Another problem is that many rural attorneys are getting close to retirement age, with 53 percent of the 17,000 attorneys residing in the state 50 or older, Kaeding writes. Amy Ferguson, co-chair of the State Bar’s New Lawyer Challenges Committee, "said the numbers raise concerns about access to justice in rural areas." She told Kaeding, "We’re seeing trends in aging out. A lot of lawyers in our area are in their upper fifties, lower sixties, seventies—even some of them looking to maybe retire soon, maybe pass on their businesses, their practices—just moving on."
Rural Wisconsin is struggling to draw recent law school graduates, who often have student loan debt ranging from $84,000 to $122,000, according to 2012 data from the American Bar Association, Kaeding reports. One way the New Lawyer Challenges Committee is trying to open up the possibility of practicing in rural areas, as opposed to urban ones, is to offer rural bus tours to young lawyers and law students to let them see the benefits of rural life.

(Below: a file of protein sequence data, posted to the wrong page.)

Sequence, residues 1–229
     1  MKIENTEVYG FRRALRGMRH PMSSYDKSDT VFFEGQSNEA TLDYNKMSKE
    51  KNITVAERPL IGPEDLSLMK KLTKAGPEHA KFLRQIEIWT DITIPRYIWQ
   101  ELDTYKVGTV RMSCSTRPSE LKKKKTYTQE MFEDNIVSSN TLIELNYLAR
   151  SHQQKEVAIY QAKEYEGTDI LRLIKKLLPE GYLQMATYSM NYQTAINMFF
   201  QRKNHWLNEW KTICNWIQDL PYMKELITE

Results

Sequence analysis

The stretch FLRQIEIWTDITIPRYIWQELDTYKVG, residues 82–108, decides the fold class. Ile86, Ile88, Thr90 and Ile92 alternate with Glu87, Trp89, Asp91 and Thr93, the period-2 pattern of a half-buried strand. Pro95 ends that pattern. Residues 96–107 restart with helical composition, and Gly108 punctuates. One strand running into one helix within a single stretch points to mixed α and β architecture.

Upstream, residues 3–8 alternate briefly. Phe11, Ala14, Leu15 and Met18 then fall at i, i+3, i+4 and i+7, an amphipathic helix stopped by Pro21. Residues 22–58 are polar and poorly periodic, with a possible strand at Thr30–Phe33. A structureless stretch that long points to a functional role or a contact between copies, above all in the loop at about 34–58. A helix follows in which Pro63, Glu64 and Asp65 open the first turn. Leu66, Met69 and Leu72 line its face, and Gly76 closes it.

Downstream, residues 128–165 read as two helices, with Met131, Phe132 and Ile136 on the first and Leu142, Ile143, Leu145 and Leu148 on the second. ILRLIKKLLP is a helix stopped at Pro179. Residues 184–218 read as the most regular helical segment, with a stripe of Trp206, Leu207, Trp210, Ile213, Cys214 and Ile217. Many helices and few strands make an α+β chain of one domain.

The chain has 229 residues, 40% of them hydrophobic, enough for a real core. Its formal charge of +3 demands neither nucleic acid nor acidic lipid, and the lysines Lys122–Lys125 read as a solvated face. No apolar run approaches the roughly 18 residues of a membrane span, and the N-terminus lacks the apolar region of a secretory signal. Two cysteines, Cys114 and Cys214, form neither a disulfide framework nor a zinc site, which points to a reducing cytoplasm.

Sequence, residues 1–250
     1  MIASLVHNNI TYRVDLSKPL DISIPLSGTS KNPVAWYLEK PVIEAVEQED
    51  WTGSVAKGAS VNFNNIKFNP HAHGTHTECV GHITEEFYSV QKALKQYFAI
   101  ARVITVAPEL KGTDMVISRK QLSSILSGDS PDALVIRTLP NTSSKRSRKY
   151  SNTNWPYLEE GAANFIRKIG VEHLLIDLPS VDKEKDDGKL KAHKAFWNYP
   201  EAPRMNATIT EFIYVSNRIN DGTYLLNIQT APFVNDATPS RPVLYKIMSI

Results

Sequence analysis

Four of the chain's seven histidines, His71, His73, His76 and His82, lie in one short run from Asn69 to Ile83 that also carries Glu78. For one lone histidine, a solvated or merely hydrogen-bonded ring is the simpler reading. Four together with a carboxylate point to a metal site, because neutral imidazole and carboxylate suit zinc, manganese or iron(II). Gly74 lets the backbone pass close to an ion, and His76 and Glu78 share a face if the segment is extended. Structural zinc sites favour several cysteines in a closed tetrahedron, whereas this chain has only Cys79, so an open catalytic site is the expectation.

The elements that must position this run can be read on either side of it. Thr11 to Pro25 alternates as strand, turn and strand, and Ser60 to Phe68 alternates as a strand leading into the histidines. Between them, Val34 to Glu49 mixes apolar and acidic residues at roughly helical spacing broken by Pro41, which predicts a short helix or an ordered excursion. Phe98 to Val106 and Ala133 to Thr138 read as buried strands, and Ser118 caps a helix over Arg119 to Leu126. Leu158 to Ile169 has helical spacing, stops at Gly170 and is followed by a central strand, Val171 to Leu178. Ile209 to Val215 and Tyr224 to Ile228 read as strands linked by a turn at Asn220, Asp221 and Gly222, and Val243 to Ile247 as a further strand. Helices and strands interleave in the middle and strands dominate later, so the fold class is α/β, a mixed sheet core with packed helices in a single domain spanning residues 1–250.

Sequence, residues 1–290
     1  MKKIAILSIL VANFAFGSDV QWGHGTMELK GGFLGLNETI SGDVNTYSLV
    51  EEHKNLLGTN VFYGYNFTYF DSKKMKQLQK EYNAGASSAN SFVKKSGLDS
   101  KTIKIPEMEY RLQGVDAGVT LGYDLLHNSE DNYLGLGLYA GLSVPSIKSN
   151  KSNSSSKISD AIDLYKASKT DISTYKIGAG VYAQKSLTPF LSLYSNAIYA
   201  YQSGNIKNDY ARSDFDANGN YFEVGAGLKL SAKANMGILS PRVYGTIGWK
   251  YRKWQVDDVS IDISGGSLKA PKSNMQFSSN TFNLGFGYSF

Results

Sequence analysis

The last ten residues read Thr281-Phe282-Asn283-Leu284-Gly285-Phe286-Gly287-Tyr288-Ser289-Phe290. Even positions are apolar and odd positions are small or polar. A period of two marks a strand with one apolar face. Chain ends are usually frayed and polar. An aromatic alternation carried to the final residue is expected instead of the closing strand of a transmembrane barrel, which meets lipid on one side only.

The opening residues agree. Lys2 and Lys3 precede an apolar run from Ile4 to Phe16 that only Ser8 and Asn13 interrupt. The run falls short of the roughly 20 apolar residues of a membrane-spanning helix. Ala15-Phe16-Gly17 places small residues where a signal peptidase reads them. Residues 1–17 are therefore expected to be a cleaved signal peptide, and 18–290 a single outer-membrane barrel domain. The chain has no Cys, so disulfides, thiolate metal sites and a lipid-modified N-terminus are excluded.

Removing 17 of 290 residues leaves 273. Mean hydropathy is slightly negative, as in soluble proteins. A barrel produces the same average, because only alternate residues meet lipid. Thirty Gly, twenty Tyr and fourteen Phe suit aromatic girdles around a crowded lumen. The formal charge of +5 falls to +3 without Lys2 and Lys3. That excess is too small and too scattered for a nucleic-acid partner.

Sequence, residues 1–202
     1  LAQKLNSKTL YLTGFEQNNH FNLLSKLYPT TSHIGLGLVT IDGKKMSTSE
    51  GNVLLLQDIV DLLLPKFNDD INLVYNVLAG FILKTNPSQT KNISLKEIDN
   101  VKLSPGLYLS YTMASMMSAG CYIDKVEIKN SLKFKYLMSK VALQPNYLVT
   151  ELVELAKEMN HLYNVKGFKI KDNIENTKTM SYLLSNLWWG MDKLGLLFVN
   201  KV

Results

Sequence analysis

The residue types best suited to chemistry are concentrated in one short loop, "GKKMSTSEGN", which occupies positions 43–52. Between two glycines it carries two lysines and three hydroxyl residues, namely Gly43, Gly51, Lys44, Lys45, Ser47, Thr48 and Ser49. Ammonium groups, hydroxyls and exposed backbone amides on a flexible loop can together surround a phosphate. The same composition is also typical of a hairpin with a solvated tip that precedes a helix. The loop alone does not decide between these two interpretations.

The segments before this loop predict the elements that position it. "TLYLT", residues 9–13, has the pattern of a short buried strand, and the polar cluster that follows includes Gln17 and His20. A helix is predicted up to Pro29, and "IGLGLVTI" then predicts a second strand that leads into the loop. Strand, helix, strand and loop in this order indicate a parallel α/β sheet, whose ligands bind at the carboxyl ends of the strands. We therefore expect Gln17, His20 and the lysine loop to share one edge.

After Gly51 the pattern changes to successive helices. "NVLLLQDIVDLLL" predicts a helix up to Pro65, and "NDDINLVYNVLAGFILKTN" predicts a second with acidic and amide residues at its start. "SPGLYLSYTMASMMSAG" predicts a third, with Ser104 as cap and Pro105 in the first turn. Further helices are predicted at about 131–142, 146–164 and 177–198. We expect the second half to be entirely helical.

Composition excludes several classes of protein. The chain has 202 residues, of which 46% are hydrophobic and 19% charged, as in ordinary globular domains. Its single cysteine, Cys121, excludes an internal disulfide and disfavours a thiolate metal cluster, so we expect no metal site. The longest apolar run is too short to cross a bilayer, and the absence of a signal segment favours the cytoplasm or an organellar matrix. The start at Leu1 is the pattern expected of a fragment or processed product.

Ferguson, who opted to practice in rural Rhinelander, said of the benefits of rural life, “It’s a little quieter. There’s not as much hustle and bustle, not as much traffic—things like that. And you can still have a very successful, rewarding, exciting legal practice in this area. It’s a closer knit legal community, which, to me, that collegiality is really a huge benefit and a huge draw to practicing and living up here."